On another note, I’d say relatively few endurance athletes are performing steady-state training these days. The 80-90% of Vo2 (i.e., steady-state) work is now considered a “no-mans land” by most. Maffetone, Mark Allen, etc. all suggest that the bulk of training should consist of low-level aerobic work. Of course, for a well-trained, high-level athlete, low-level aerobic work may mean running 7:00/miles, whereas for less experienced, the same effort level may mean briskly walking, but the heart rates and overall effect on the body is the same. I’ve read that Lance Armstrong’s training from 1999-2005 consisted of long hours (5+hours/day) at heart rates not to exceed 155-160 (he has a max ~200, and LT at 190, so 155 is very aerobic for him). Many of his training rides averaged ~130. Of course, these athletes will add in some work at tempo work at threshold and some Vo2 Max stuff, but that comprises a small percentage of their overall training.

    Would you say that the current endurance training protocol isn’t THAT far off from PB?

    ebrunner wrote on July 9th, 2009
    • ebrunner, at the elite level it would appear that there is a new awareness of the dangers of Chronic Cardio…but a ton of people are still hammering away far too much. Agreed that intensity is going to make the difference. But it’s still tough summoning intensity a day after a five hour ride or 90 minute run even if you were at “low levels”

      Mark Sisson wrote on July 9th, 2009
    • I see it. My girlfriends are chronic cardio-ers. One even goes twice a day, on a machine for an hour at a time. It’s the end of the world if they miss a session. And then they gripe about how sore and miserable they are. Best part is they pay a trainer to put them through all this! And dine on pasta and low-fat dairy, so they haven’t lost much weight. It’s frustrating to listen to. I’ve tried to set them on the primal path a few times but gave up because they don’t listen, so now I just lead by example.

      I love my 15-20 minutes of stair climbing followed by light weights and a solid primal diet!

      Sally wrote on June 5th, 2012
  6. Moderate exercise, such as light hiking, has always seemed to benefit me quite a lot. I’ve found that it helps in weight loss, as it lets me work off some calories on those days when I can’t easily arrange for a strenuous workout. Also I find that if I do the strenuous stuff too frequently there’s the risk of joint or muscle pain. Many people end up in this boat due to not balancing intense exercise with low level exercise.

    memory foam wrote on July 10th, 2009
  7. I wanted to add that a lot of life long extreme aerobic exercisers/athletes are turning up with atrial fibrillation. Their hearts become damaged over time from overly strenuous exercise. A-fib is a condition that for most gradually gets progressively worse until the heart is permanently out of rhythm.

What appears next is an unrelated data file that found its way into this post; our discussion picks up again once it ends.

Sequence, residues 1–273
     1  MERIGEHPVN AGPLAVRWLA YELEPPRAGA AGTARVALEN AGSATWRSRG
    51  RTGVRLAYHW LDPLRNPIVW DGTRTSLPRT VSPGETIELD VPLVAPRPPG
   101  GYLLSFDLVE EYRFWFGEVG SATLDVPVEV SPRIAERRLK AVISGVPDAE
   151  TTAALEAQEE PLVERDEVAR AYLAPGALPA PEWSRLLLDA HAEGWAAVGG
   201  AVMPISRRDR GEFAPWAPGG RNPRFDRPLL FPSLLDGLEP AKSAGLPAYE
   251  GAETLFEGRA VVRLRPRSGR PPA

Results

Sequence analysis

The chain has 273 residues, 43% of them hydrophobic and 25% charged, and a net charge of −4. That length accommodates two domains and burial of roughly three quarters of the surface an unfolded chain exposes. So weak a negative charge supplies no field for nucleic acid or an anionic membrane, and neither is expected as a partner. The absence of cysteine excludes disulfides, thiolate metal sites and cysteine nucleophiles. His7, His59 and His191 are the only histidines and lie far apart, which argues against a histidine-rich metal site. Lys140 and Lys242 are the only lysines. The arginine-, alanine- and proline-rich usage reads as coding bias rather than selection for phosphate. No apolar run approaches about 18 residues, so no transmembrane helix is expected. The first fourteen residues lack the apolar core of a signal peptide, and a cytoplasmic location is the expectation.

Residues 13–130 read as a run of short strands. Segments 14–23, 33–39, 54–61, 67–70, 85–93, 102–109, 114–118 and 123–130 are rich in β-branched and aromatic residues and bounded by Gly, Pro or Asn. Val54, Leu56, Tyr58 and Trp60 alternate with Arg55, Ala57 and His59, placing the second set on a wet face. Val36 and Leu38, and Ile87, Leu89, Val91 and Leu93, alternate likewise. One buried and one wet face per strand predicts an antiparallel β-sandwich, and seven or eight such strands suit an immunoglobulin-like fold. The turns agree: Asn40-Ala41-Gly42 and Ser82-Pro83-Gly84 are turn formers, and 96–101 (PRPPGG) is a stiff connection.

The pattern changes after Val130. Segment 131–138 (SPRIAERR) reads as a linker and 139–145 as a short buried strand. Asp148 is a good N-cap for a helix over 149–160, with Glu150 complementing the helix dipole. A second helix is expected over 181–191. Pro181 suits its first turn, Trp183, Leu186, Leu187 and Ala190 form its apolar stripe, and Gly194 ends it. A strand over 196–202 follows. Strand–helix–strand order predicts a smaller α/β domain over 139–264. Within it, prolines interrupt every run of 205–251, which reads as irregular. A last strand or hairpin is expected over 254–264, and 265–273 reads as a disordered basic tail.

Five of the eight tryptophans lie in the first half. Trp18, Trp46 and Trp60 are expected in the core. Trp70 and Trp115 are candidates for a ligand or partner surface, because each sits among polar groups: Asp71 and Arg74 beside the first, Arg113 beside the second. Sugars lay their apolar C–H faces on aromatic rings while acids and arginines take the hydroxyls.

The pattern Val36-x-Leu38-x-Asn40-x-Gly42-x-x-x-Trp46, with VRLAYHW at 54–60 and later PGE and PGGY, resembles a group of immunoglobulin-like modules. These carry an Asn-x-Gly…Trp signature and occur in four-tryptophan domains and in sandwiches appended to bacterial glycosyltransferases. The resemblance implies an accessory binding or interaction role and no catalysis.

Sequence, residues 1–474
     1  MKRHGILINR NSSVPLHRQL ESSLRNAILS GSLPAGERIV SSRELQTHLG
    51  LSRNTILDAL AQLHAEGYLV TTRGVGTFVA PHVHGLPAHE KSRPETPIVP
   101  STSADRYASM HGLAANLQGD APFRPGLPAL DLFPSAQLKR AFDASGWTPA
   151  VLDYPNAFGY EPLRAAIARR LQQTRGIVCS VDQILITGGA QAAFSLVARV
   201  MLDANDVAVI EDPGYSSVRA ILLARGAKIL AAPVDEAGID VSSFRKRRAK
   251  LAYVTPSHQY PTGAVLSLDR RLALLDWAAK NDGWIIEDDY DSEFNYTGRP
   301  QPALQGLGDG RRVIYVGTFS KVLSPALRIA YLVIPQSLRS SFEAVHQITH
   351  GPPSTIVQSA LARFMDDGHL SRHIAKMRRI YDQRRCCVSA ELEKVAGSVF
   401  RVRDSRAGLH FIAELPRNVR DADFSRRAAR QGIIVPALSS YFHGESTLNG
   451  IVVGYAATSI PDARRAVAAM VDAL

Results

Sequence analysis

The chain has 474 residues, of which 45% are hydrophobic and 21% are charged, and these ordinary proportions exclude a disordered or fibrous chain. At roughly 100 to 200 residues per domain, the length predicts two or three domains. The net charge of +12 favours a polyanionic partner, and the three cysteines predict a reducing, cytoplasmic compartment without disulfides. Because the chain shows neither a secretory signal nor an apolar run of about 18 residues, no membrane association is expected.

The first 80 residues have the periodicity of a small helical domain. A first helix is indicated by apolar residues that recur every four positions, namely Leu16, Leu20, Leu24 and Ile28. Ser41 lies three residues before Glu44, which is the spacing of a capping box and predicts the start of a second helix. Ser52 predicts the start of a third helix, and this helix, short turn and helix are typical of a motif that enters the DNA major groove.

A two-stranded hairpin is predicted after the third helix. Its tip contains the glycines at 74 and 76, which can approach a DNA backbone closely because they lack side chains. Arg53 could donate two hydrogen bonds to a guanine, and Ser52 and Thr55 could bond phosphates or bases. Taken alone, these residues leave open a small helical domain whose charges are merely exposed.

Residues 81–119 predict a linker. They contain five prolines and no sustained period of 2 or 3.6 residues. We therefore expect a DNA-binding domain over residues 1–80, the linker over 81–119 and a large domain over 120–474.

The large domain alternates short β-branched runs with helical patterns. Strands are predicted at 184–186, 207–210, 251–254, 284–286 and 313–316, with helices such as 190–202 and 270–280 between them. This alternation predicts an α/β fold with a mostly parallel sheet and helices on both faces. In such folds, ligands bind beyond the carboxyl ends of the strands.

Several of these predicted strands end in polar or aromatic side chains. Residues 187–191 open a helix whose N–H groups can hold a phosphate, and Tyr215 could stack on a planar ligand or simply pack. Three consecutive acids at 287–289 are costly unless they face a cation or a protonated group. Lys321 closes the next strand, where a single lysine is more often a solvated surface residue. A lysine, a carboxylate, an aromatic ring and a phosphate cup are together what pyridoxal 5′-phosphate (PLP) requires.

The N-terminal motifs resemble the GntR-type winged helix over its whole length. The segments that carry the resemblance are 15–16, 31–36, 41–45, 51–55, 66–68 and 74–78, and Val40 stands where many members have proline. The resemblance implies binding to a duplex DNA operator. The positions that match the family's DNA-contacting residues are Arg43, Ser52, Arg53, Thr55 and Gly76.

The type of exercise you are talking about actually is beneficial to a-fibbers and improves the situation. So does a primal diet.

    Tish wrote on February 7th, 2010
  8. I volunteer at the local Humane Society. Initially, I walked dogs then began to play with them in a yard then began to assist staff in scrubbing floors and etc. Slowly grew into “real” exercise, was fun and helps the animals and staff.

    ally wrote on March 1st, 2010
  9. Does singing and playing guitar fit into this category? I suspect that it may but a professional opinion is always better.

    ckoehler wrote on April 13th, 2010
  10. Mark, what about lactate threshold?

    I have access to LT testing from a rowing coach, and as I understand it, HR monitoring is essentially an easier but less accurate stand-in for lactate level targeting.

    2 millimoles or less is what I’m hearing as probably corresponding to the 55-75% max HR you’re referring to…thoughts?

    Peter Beck wrote on April 17th, 2010
    • Don’t worry about the absolute amount of lactate – 2 mmol/L is just a number. I think of absolute values like 2 mmol/L of lactate like HR calculations like 220 – your age – it may work for some, but that is just plain luck.

      I do lactate testing (in a way that does not focus on the absolute lactate values, but instead how your body clears lactate) and can assure you that your lactate values can be manipulated (diet, recovery before testing, etc.)

      Google FaCT Education if you want to learn a bit more.

      Kevin W wrote on May 2nd, 2010
  11. I don’t quite agree with you Mark regarding cardio workouts. I used to do construction work, so that is about 7-10! hours of “low level aerobic activity” per day. Often I would come home and go for a run, or sometimes go to a training session (wrestling) and then run home. I often felt much better after more intense workout, even I had many hours of low intensity work during the day.